By Curt Zingula
Last week was Agriculture Awareness Week. Your response might be, “Geez, not another one of those countless whatever weeks.”
But fortunately, this designation offers farmers the opportunity to educate consumers about a topic, agriculture, we feel has become riddled with misinformation and misunderstanding.
Perhaps the most relevant topic is the term “factory farm.” While some people use this term in a derogatory sense, it’s actually a desirable attribute.
Industrial or “factory” farming is the practice of incorporating technology and mechanization into agriculture. Compared to simpler times in the past, this progress has landed modern farming outside of some people’s comfort zone.
In the United States, only about 1 percent of our work force is farmers, thanks to modern technology and mechanization. That allows the other 99 percent of Americans to engage in such things as the engineering, manufacturing and sales of cellphones, computers, automobiles, etc.
Some Third World countries, lacking in the capital and education to adopt modern farming practices, have upward of 80 percent of their work force engaged in farming. Those 80 percent can’t participate in manufacturing or service industries. Instead, they work in the hot sun, cold wind, dirt and manure to accomplish subsistence agriculture.
Modern agriculture’s critics argue that we would be better off farming the way great-grandpa farmed back in the 1940s. Trouble is, great-grandpa only had to produce for 135 million people. Today, farmers produce for our nation’s 310 million people plus millions of people in other countries, and do so on fewer planted acres than in 1940. By 2050, U.S. farmers will need to produce for an estimated 439 million people in our country alone. Unless we are willing to convert vast acres of new land to agriculture, adopting technology is essential.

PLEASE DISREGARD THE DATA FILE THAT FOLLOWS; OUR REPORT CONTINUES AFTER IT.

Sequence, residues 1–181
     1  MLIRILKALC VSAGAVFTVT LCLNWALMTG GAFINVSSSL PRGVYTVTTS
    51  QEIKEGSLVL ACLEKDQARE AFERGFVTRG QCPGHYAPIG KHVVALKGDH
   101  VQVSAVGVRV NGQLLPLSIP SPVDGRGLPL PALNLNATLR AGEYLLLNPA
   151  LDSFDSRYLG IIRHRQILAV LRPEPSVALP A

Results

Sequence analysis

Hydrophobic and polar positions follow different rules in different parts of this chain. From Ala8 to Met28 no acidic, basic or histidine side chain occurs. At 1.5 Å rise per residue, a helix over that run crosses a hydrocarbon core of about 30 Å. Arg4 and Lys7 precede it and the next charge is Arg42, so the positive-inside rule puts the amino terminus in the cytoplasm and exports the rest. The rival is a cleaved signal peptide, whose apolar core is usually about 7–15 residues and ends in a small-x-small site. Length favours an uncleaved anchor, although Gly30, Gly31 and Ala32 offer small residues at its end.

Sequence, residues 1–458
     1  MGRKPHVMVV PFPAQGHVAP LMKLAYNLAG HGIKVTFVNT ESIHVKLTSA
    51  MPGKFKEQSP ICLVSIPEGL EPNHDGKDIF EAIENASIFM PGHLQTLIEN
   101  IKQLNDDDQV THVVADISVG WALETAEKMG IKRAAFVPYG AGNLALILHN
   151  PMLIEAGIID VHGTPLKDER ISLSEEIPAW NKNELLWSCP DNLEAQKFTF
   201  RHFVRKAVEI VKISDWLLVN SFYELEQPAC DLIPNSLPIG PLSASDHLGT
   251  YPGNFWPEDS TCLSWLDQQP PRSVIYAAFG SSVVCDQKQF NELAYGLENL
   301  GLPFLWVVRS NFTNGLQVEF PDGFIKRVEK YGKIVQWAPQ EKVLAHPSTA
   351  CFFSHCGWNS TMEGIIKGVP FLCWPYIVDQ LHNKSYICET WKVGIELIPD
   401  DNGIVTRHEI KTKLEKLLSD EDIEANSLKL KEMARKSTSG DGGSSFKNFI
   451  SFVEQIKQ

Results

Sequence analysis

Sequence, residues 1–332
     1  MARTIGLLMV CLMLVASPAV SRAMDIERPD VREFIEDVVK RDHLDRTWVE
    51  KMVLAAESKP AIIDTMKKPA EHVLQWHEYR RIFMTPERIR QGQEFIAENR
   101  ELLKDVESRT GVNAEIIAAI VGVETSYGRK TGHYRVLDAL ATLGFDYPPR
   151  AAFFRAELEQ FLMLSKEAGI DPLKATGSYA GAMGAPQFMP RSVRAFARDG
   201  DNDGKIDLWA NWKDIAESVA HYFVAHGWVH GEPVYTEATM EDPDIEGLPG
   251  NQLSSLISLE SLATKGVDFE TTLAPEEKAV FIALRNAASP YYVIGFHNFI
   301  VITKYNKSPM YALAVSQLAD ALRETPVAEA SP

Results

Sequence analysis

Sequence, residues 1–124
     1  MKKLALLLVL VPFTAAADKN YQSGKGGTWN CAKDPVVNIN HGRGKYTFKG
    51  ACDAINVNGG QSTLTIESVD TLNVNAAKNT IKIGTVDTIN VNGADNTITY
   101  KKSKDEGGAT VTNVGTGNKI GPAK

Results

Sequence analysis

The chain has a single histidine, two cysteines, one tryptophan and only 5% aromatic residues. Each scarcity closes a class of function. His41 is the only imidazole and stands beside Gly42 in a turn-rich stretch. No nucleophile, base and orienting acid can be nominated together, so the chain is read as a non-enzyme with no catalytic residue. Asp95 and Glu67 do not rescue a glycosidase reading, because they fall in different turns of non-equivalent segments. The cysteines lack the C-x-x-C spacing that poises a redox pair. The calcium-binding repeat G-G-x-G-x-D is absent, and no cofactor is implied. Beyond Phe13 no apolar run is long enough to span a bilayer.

Many of those same critics also claim that the environment was better off decades ago before modern farming. That simply isn’t true. Just the use of repeated tillage, instead of herbicides for weed control, led to severe erosion and filthy waterways. Doubters should research the campaign of Depression-era conservationist Ding Darling.
The advent of livestock confinement facilities also has been disparaged as “factory farming.” Like it or not, the first step in preventing manure from washing into streams is to confine livestock. Imagine the consequences if all of Iowa’s 50 million laying hens were “free range.”
In contrast to “factory farms,” there is a growing demand for niche farms such as organic and locally grown. Typically, products from specialty farms will cost more than similar products produced on an industrial scale. While some people will be able to afford custom-raised crops and livestock, many others will find the extra cost inaccessible.
Modern farms are indeed like factories — resources go in, labor and management process those into crops and livestock that other factories process into retail products. Despite this assembly line description, the many benefits of “factory farms” deserve our appreciation.l Curt Zingula of rural Central City has grown corn and soybeans in Linn County for the past 38 years. He describes himself as a student of agriculture ever since growing up on a crop and livestock farm in the 1960s. Comments: email@example.com